Of course you’ll want to know where you fall, too, so comment below and we’ll put a quiz here showing where readers fall.
Yesterday’s “Guess the music stars” quiz, which showed famous musicians (rock and country) as young kids and asked you to guess who they were, got a surprising amount of attention. In lieu of today’s wildlife photos (send yours in, please!), I’ll give you the answers to yesterday’s quiz, along with my comments.
The photos came from a set published on the “Don’t worry be happy” public Facebook page on May 4 of last year, and you can see the photos, and others I didn’t show, at this link. I was surprised at how few were guessed correctly by most people, but of course I knew the answers when I posted them, so to me it seemed easier than it really was. But on to the photos!
1.) Carlos Santana. This would have been one of the hardest for me to guess, I think, but a fair number of people got it.
2.) Ron Wood. This would have been tough for me as well because I’m not a big Stones fan.
3.) Neil Young. COME ON, PEOPLE! How could you miss this one?
4.) John Lennon. Another toughie.
5.) Johnny Cash. Maybe the overalls would help given his poor background as a farmer’s son.
6.) Janis Joplin. Of course! Lots of people got this one.
7.) David Bowie. Another hard one.
8.) Freddie Mercury. Did anybody get this?
9.) Van Morrison. You can sort of see the future rock star in there. . .
10.) Mick Jagger. Lord, this one isn’t easy!
11.) Jim Morrison. Another hard one.
12.) Paul McCartney. Come on! This is dead easy!
13.) Keith Richards. Not easy. . .
14.) Elvis Presley. Everybody should have gotten this one.
15.) Sting (Gordon Sumner). Not that easy.
16.) Chuck Berry. Not that easy, either.
17.) Ringo Starr. In my view, this one’s easy.
18.) Same as #5, Johnny Cash.
19.) George Harrison. The hair color would throw you off if nothing else.
20.) Mark Knopfler. A fair few people got this one, but I wouldn’t have.
Since you did so well, here are two more musicians to guess. All comments and guesses below, please.
Can you resist this given that the quiz—which of 22 birds are you most like?—was designed by the estimable folks at Cornell University’s Ornithology Lab. Take the quiz here, and see whether you’re most like a kestrel, an American robin, a bald eagle, a blue jay, a Canada goose, a chickadee, a crow, a goldfinch, a great blue heron, a great horned owl, a ruby-throated hummingbird, a magpie, a mallard, a mourning dove, a northern cardinal, a northern mockingbird, a peregrine falcon, a red-tailed hawk, a rock pigeon, a raven, a snowy owl, or a screech-owl. Now this is just for fun, but can you resist?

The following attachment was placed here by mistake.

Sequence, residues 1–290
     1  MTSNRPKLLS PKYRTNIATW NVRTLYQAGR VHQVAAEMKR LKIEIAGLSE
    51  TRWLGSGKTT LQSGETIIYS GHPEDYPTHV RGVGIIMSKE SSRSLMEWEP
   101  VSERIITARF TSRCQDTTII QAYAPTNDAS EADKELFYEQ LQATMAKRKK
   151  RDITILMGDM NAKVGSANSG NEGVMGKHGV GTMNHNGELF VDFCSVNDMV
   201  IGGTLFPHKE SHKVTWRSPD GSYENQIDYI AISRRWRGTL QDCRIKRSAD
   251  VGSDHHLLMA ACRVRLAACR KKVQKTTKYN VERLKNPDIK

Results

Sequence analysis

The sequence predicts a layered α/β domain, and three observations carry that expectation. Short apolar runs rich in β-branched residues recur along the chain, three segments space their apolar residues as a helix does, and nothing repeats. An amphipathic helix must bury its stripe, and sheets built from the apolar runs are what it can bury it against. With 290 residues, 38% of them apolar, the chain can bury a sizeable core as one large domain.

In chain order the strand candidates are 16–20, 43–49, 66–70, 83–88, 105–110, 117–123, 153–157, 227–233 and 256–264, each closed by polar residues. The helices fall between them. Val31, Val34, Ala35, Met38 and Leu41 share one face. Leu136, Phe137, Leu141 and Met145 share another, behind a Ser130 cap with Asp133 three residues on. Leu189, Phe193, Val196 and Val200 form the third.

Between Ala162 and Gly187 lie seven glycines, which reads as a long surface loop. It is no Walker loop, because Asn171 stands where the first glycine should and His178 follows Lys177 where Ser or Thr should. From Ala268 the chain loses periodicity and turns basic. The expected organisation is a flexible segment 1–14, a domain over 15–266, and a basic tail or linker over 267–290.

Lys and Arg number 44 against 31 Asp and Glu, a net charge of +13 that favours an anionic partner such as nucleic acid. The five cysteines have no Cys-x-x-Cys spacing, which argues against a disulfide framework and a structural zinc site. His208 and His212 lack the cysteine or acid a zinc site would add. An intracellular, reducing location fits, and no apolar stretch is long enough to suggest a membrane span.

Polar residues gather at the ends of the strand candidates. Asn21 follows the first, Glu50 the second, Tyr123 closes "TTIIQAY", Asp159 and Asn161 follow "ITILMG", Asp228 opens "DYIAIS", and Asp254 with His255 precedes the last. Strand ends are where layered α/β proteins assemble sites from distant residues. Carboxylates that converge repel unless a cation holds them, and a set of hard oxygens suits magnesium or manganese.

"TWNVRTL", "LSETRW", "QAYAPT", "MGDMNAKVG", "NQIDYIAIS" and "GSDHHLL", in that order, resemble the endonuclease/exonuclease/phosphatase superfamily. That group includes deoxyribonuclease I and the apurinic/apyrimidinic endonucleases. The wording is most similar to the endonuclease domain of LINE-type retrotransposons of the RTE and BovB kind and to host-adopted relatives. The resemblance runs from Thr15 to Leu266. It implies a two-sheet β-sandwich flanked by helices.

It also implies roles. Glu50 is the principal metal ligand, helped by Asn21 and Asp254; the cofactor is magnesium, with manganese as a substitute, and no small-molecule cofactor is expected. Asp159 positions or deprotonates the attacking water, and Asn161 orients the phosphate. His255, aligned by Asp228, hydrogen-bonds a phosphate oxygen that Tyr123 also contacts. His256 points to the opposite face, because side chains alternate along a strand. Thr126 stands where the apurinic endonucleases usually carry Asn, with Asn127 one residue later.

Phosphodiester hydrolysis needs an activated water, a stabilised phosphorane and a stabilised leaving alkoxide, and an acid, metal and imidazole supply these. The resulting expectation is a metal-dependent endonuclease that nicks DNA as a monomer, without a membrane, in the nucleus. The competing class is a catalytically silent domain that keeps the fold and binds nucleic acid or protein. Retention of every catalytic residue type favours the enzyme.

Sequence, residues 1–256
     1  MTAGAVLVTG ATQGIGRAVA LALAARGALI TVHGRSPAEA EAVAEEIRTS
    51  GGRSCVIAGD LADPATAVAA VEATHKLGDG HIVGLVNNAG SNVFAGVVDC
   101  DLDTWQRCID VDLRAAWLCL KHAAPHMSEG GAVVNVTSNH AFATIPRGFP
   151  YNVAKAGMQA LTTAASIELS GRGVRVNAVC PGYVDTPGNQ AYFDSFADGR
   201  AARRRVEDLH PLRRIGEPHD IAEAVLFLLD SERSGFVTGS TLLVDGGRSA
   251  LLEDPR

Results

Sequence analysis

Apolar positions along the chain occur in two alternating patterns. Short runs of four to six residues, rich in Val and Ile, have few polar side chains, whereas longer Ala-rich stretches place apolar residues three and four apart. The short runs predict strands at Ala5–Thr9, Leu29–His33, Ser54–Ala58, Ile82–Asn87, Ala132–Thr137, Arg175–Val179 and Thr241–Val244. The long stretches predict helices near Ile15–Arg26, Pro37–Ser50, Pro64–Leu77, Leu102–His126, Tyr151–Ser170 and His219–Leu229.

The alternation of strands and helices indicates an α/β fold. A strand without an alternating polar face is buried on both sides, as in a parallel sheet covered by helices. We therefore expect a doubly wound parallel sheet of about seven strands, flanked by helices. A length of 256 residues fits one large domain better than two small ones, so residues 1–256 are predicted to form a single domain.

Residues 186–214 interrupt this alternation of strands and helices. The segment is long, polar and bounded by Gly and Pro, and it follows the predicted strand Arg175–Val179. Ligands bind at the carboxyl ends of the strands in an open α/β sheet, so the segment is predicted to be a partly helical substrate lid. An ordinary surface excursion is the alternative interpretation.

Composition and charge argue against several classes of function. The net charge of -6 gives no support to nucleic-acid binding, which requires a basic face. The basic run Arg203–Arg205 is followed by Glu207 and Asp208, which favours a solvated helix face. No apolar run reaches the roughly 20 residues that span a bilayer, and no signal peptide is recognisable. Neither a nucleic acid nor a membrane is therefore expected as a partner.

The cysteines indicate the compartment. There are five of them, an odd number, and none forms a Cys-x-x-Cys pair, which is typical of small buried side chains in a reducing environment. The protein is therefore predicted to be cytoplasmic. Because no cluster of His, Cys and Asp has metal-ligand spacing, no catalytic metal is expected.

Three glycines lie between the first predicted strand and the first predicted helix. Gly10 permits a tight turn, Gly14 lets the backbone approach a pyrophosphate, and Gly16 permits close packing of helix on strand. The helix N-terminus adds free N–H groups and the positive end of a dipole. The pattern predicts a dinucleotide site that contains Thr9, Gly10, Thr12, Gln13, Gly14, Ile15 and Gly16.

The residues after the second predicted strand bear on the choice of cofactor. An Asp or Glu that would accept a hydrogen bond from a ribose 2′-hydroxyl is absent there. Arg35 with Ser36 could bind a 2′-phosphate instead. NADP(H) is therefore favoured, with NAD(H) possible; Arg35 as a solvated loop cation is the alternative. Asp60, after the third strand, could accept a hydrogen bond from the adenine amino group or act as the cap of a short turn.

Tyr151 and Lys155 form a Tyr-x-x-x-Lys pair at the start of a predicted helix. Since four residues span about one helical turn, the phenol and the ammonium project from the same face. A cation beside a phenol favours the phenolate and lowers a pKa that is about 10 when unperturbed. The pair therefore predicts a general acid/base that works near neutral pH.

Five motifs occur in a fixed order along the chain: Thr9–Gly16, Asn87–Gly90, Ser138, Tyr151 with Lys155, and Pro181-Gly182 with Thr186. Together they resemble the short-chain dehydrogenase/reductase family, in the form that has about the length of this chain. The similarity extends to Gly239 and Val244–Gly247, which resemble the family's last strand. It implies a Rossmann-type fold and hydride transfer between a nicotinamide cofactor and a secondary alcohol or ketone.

The quiz’s notes; each question has four choices.
Cornell Lab ornithologists and educators examined the personality and behavior characteristics of 22 North American birds, to help create this fun personality quiz. Now you can find out which bird you are most like (or is most like you) based on 15 simple questions.
This quiz is a companion to AM I LIKE YOU?, a children’s book by Laura Erickson and Brian Sockin, illustrated by Anna Rettberg.
It turned out that I was a kestrel: here’s my diagnosis. I am single-minded and determined, I’m not particularly graceful, I do like to travel, I don’t like going to baseball games that much, and I am NOT tolerant of messy living quarters. So it goes. I still like kestrels, though.
Evolutionary biologists and amateur photographer John Avise continues with his series on North American ducks. The object is for readers to learn all our ducks as a project in quarantine. You have to guess which one is shown in these photographs, and then see the answer, a duck fact, and a range map below the fold. John’s comments are indented.
Now, name this duck (many of you will get this one):
Evolutionary biologist John Avise has a backlog of duck photos to help us through the pandemic. As I said, every Sunday I’ll post his photos of a single species, and your job is to guess the species. By the time we’re out of lockdown in a few years, we’ll know all the duck species!
Here are the photos. An ID, range map, and John’s Duck Fact O’ the Week is below the fold:
Click “read more” to learn the ID and other stuff about the species.
Evolutionary biologist and avid bird photographer John Avise continues our weekly series in which readers are challenged to name the species of duck show. Click below the fold to get the answer, along with John’s Duck Fact about the species. A preliminary comment from Dr. Avise:
During these difficult times, I find it comforting to reflect upon the fact that life goes on as usual for all ducks and other creatures. Here are my photos of our next Duck O’ the Week:
Reader Simon called my attention to this quiz in the Washington Post that asks about your views on issues like gun control, immigration, government-sponsored health care, voting rights for felons, the Electoral College, and other stuff that we’ve been talking about. You get to answer 20 multiple-choice questions, and after giving each answer you are shown which Democratic candidates agree with you.
At the end, they tally up your answers and tell you which candidates agreed with you most often overall.
Take the test by clicking on the screenshot, and put your results below. Big fun!
And here are my results. I guess that makes me a centrist rather than a “progressive” Democrat. So be it. I’d still vote for any of these folks were they the candidate.